A Minnesota psychedelics task force charged with studying the medical benefits of psilocybin, MDMA and LSD and preparing the state for possible legalization convened on Monday for its first meeting, at which members selected a chairperson and laid out the trajectory of the coming months.
The group must return a final report to the state with findings and recommendations by January 1, 2025, and at least one key lawmaker says he plans to file a reform bill shortly thereafter.
The meeting took place more than three months late, according to a state omnibus bill passed in March that created the Psychedelic Medicine Task Force. But state Rep. Andy Smith (D), who sponsored a standalone bill to create the psychedelics task force this past session and was appointed to serve on the body by the House speaker, recently told Marijuana Moment he’s confident the task force will hit the ground running.
“Our team at the Department of Health has done a lot of work to kind of prepare the field,” Smith said in a phone interview on Friday, noting that they’ve already held trainings for members on technology and presentation software that the group will be using.
You can also find documents & more information on the Task Force website here: https://t.co/U1XHNH3JKU
— Rep. Andy Smith (@AndySmithMN) November 6, 2023
Of 25 posted positions for the task force, 24 have been filled. They include lawmakers and agency representatives as well as a host of others appointed by Gov. Tim Walz (D) with experience in health policy, mental health, substance use disorders, veterans health and psychedelic medicine.
There were three candidates to lead the task force as chairperson, and members ultimately voted to select Jessica Nielson, an assistant professor at the University of Minnesota Medical School and executive director of the Psychedelic Society of Minnesota.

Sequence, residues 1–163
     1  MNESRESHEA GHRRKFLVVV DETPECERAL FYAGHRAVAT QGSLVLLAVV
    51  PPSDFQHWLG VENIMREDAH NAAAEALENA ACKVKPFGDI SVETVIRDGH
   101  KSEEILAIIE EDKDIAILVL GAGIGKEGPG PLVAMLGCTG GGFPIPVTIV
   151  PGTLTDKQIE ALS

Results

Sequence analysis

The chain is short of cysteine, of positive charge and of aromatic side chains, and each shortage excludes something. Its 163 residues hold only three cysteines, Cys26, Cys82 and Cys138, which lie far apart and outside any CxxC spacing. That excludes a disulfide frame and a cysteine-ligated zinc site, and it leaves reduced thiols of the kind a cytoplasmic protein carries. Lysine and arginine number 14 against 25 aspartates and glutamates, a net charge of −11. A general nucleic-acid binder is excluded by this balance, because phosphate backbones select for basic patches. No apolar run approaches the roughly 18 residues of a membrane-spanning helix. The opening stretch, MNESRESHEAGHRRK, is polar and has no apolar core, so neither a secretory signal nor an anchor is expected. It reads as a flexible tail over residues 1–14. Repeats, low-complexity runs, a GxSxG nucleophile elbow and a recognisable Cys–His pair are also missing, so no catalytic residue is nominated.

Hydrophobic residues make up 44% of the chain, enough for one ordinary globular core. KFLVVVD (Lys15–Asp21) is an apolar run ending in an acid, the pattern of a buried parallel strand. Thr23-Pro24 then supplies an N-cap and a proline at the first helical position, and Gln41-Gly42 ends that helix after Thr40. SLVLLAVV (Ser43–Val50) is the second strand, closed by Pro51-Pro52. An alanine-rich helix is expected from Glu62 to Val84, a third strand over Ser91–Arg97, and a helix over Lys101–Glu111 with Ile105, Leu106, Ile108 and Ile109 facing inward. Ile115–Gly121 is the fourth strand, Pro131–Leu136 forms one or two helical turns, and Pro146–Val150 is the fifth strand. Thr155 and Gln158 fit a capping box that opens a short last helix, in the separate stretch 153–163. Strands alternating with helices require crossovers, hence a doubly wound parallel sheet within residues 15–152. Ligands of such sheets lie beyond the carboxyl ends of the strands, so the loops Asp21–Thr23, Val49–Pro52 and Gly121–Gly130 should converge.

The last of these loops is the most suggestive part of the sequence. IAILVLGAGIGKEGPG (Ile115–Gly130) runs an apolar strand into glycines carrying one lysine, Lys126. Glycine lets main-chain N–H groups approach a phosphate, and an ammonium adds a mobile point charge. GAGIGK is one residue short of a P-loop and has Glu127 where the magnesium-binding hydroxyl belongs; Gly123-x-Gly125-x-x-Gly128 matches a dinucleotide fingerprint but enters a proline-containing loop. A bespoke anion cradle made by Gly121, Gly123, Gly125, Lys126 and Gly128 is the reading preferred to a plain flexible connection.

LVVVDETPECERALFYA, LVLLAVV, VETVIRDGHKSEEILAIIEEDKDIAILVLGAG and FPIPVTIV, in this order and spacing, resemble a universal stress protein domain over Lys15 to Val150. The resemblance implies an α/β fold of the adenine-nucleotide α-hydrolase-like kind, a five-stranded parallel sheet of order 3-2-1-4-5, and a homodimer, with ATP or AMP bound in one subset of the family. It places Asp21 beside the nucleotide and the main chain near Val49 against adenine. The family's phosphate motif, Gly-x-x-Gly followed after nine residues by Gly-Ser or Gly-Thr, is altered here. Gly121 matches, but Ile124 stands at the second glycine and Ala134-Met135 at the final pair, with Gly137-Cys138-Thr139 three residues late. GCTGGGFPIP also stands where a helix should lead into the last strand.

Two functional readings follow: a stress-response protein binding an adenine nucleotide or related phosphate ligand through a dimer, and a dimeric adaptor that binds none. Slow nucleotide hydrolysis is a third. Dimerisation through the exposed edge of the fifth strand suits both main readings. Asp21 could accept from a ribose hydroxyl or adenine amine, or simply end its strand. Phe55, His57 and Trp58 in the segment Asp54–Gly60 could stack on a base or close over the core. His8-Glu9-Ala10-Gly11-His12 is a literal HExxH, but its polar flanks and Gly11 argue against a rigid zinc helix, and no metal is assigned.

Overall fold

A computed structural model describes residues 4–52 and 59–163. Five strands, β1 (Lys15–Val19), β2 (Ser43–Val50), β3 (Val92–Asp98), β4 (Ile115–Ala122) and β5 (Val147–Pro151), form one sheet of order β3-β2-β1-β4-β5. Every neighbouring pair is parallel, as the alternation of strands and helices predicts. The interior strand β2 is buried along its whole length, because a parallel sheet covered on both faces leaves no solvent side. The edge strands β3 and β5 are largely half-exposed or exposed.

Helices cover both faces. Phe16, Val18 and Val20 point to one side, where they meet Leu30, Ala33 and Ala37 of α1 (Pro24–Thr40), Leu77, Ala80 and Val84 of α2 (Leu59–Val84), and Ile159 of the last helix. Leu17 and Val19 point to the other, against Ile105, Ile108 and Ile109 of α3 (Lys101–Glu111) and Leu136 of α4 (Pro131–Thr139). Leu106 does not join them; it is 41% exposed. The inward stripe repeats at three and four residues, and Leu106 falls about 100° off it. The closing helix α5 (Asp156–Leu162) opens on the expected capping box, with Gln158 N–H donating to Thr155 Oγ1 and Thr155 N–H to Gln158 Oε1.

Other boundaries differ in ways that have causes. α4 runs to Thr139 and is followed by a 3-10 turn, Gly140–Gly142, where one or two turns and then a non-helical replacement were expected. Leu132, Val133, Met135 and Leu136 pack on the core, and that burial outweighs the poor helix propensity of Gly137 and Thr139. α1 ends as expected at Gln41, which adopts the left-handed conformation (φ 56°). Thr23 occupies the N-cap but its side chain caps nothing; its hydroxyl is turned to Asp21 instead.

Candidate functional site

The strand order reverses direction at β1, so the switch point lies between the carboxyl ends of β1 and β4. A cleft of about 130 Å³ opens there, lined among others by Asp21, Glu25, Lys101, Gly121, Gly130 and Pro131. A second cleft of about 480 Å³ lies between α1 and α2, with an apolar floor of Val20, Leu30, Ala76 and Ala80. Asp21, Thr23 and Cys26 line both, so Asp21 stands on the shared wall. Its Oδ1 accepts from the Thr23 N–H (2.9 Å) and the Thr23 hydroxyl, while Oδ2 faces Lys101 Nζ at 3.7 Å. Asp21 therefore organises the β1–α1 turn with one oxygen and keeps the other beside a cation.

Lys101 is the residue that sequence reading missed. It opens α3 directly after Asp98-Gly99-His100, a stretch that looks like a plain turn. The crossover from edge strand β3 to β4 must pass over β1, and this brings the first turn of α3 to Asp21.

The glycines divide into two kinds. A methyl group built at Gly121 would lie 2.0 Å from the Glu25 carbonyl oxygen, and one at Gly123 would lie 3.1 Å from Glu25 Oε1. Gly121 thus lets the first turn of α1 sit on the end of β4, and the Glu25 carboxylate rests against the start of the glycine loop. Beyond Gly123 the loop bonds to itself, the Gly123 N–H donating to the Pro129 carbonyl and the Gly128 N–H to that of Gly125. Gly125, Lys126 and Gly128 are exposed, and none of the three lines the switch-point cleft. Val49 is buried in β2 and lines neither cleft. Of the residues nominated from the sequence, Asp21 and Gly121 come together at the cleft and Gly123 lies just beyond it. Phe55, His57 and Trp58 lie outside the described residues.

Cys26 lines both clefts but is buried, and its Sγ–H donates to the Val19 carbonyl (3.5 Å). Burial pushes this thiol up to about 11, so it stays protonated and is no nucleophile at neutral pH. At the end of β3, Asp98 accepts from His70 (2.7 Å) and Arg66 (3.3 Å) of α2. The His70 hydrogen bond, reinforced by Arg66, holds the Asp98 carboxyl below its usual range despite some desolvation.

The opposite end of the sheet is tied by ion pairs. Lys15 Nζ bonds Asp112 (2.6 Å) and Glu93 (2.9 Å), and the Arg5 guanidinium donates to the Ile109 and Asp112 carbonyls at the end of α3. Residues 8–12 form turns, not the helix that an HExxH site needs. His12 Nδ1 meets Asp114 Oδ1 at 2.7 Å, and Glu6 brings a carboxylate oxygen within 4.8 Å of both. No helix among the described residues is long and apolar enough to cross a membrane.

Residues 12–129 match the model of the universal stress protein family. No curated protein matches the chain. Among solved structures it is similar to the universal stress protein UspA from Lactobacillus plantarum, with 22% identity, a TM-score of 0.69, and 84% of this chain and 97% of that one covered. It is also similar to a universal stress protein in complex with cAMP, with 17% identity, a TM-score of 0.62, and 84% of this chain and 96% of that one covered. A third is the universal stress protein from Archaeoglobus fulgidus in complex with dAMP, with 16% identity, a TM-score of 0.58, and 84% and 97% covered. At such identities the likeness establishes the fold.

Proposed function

“I kind of straddle both worlds” in the psychedelics space, Nielson said, touting her “very strong understanding and deep rich experience in writing the scientific literature and interpreting it and trying to communicate that to others, while also having a lot of roots in the actual community itself.”
At Monday’s meeting, Smith said it is “so exciting that this is happening now,” adding that he’s encouraged to see that “this is a bipartisan issue.”
“I’m interested in this area and pushing this forward, and I think this is going to help many thousands and eventually millions of Minnesotans with such a wide range of things we’re struggling with—whether it’s PTSD, whether it is struggling with addiction, and all kinds of things in between,” he said.
Rep. Nolan West (R), a task force member appointed by the House minority leader who also served on the bicameral conference committee that finalized Minnesota’s newly implemented marijuana legalization law, said that he’s “interested in this area to try and help people through more natural means.”
“Pharmaceuticals can have a lot of side effects,” he said. “I’m excited to be here just to see the professional opinions of actual medical people and not crackpots on the internet on psychedelics and how they can help people, and if there’s a role for us here on the task force to make any recommendations on that.”
A draft charter for the task force says that members will be guided by three key principles: scientific rigor, collaboration and inclusivity and accountability and integrity.
There’s still one vacant position on the task force—a second tribal representative—but a staffer with the governor’s office said at the meeting that they’re still soliciting applications.